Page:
+ - Laying the groundwork for data-driven science

Submitted by aarondubrow
aarondubrow (1866212) writes "The ability to collect and analyze massive amounts of data is transforming science, industry and everyday life. But what we've seen so far is likely just the tip of the iceberg. As part of an effort to improve the nation's capacity in data science, NSF today announced $31 million in new funding to support 17 innovative projects under the Data Infrastructure Building Blocks (DIBBs) program, including data infrastructure for education, ecology and geophysics. "Each project tests a critical component in a future data ecosystem in conjunction with a research community of users," said said Irene Qualters, division director for Advanced Cyberinfrastructure at NSF. "This assures that solutions will be applied and use-inspired.""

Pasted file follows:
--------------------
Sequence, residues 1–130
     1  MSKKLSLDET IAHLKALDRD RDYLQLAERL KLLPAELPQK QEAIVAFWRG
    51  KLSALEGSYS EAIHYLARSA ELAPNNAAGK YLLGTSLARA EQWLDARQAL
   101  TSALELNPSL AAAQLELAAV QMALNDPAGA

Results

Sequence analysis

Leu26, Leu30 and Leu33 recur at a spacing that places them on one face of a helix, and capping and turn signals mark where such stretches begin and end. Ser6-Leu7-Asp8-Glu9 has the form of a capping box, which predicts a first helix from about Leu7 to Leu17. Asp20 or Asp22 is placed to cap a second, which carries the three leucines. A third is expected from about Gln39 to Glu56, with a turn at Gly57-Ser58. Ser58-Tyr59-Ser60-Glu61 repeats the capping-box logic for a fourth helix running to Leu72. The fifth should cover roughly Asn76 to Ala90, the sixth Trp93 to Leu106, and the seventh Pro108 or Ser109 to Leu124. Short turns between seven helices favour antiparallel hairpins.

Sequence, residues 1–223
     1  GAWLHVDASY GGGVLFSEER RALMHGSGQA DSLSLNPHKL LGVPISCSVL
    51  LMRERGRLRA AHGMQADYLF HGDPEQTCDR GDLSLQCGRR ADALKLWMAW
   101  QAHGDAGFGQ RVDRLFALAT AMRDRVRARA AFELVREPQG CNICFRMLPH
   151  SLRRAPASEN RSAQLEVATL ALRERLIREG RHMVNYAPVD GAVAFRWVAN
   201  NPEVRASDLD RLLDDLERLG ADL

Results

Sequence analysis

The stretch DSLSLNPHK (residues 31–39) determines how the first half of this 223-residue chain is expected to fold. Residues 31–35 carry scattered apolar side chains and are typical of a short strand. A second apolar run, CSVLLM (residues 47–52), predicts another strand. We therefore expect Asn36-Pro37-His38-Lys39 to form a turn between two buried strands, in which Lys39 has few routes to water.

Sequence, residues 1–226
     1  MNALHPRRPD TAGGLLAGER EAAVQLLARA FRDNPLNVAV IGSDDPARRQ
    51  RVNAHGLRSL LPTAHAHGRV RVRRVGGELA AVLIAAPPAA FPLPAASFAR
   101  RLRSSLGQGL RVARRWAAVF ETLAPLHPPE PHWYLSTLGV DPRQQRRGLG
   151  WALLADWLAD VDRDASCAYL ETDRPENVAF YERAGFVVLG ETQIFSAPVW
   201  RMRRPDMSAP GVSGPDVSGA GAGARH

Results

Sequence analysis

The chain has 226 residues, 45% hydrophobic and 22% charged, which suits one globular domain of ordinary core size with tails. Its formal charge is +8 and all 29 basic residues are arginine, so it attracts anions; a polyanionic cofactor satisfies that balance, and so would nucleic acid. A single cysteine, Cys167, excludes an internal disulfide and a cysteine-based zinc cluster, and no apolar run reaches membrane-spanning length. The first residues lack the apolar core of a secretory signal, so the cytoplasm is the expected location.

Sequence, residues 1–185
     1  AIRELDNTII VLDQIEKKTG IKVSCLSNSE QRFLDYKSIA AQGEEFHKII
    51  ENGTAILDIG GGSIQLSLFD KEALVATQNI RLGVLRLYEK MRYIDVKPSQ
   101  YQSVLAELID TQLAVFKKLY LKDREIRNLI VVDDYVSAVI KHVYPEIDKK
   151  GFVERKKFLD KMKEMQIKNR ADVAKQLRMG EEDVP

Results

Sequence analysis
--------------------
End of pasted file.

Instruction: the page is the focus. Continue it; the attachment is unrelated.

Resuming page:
+ - Protecting America's Processors

Submitted by aarondubrow
aarondubrow (1866212) writes "The National Science Foundation and the Semiconductor Research Corporation announced nine research awards to 10 universities totaling nearly $4 million under a joint program focused on Secure, Trustworthy, Assured and Resilient Semiconductors and Systems. The awards support the development of new strategies, methods and tools at the circuit, architecture and system levels, to decrease the likelihood of unintended behavior or access; increase resistance and resilience to tampering; and improve the ability to provide authentication throughout the supply chain and in the field.

"The processes and tools used to design and manufacture semiconductors ensure that the resulting product does what it is supposed to do. However, a key question that must also be addressed is whether the product does anything else, such as behaving in ways that are unintended or malicious," said Keith Marzullo, division director of NSF's Computer and Network Systems Division."

+ - Protecting America's Processors

Submitted by aarondubrow